- Automation errors. Almost every compute and storage provisioning task is automated with Chef. But we have found (in older versions of Chef) examples where commands to terminate compute, or delete storage, returned success, but silently failed. When this happens orphaned volumes or zombie compute nodes eat the budget. The Cloud Control Viewer is our “trust but verify” system to safe guard we don’t encounter this problem.
- Optimize compute profile to the task. There is a tendency to “over provision” the amount of compute and storage required for a specific role in the system. Measuring actual utilization is the answer to implementing the optimal configuration. The measurement can only happen after running in the “real world.” But retrofitting a running system to the optimal configuration is time consuming and needs to be planned with great care. The answer is more “science” up front (to the detriment of a product manager looking for a quick release,) so that the initial configuration is as close to what’s required in the production system.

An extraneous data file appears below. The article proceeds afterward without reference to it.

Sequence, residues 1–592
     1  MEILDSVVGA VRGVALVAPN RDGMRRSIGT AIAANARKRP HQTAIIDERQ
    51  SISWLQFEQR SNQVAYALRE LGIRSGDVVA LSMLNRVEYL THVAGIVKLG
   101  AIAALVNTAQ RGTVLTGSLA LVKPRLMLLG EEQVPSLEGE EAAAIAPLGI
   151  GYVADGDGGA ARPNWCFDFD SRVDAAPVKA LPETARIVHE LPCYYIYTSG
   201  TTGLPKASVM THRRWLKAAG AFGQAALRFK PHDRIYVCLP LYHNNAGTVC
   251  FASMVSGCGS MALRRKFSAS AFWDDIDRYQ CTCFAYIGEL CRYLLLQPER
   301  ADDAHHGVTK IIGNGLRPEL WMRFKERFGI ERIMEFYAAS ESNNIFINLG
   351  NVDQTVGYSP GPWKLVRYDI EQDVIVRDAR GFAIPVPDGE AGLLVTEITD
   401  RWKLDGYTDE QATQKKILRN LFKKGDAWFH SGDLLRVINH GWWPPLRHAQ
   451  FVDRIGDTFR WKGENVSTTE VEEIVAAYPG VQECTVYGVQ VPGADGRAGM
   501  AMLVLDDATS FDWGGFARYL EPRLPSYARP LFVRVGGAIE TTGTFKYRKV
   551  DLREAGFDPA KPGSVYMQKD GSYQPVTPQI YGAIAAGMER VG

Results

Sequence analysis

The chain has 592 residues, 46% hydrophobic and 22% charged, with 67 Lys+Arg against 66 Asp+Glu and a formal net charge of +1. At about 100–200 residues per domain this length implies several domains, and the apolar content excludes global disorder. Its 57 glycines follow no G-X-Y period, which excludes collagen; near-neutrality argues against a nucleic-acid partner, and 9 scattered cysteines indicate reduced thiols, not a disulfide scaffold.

The success of cloud computing hinges on managing infrastructure expense in alignment with revenue and other enterprise value metrics. The future looks bright for the day when a cloud cost czar’s duties are automated, and software stacks are tuned for the cloud’s unique operating characteristics.